Apples and Oranges, and free trade
by wayward, Sun Jun 04, 2006 at 12:22:12 PM EDT
I am very discouraged to see so many progressives opposing free trade. However, I can see why. Many recent free trade pacts have not been beneficial to either country. That being said, protectionism is not the answer.
Truly free trade works. Each side gets more goods and services for less effort, otherwise there would be no trading, free or otherwise.
However, many of the so-called "free trade" policies are not free trade at all and do not benefit anyone other than the large multinational corporations at the expense of the citizens of both nations.
An example of what is right about free trade and how it can go terribly wrong is in the extended entry.
Let's take the following simple hypothetical trade scenerio involving apples and oranges and the states of Washington and Florida.
Washington produces apples.
Florida produces oranges.
Oranges do not grow in Washington.
Apples will grow in Florida, but not very well.
Let's assume trade is very restricted between the two states:
1. Washington has a surplus of apples.
2. Florida has as many oranges as it needs, but is spending considerable resources growing apples.
Not a very good situation.
Now lets assume there is free trade:
1. Washington is able to trade its surplus apples for oranges.
2. Florida converts its apple orchards to orange groves because trade gets apples for less than growing it themselves.
3. Agricultural output is optimized in both states.
4. Both sides benefit from trade.
However, things generally aren't that simple. Let's assume the apple lobby in Florida is very powerful. Since elections in Florida are so close, the apple lobby has considerable clout. The apple lobby demands subsidies to "save jobs" and gets them. Here's what happens:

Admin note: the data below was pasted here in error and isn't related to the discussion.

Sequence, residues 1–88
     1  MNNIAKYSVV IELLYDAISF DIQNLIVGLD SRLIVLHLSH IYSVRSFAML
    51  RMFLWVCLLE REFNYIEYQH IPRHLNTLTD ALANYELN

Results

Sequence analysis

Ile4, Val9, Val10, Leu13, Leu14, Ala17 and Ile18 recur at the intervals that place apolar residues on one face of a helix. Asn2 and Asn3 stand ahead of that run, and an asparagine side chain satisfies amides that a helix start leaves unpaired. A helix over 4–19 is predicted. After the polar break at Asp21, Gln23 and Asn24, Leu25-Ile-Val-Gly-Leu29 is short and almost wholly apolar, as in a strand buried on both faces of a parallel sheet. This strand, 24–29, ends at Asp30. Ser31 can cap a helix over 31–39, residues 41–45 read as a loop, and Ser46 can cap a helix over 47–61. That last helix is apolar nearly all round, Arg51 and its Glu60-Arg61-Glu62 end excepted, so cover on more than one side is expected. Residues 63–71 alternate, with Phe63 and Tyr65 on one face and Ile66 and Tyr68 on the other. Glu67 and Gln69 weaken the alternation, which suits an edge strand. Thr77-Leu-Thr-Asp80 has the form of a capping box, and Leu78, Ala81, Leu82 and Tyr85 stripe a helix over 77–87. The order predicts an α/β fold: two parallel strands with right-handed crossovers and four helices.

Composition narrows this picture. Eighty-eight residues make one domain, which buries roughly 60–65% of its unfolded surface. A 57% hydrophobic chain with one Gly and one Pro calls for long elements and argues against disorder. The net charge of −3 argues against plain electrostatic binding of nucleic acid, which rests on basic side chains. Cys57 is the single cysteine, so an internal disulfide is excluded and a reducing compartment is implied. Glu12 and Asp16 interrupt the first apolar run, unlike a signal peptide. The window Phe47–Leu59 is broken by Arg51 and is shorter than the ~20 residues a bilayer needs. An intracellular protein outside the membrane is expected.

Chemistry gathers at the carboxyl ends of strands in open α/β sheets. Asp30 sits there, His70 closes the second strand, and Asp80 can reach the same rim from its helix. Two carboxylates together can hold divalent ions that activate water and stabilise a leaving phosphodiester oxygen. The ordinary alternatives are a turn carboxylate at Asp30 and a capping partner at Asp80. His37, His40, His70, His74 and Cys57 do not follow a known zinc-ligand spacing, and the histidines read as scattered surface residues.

1. Subsidies allow Florida apple growers to undercut their Washington counterparts.
2. Washington farmers don't get as much for their apples, hurting the Washington economy.
3. Florida has more apple orchards and fewer orange groves, reducing Florida's agricultural output.
4. Florida taxpayers pay higher taxes for the subsidies.
Not as good a scenerio as free trade.
Now let's try a very illogical, but very plausible scenerio.
Florida's apple lobby is so powerful that with the subsidies, Florida growers can now sell apples in Washington for less than Washington growers can:
1. Washington's economy is wrecked. They are worse off than before. Economic migrants (former apple growers, perhaps) leave the state for better places.
2. Florida's taxpayers pay even higher taxes.
3. Total agricultural output of both states is considerably reduced.
4. Florida's apple growers are making out like bandits.
So as we can see, it is not the trade itself that is the problem. It is the corporate welfare and all that comes with it that made the trade pact a disaster for everyone but the hypothetical Florida apple industry.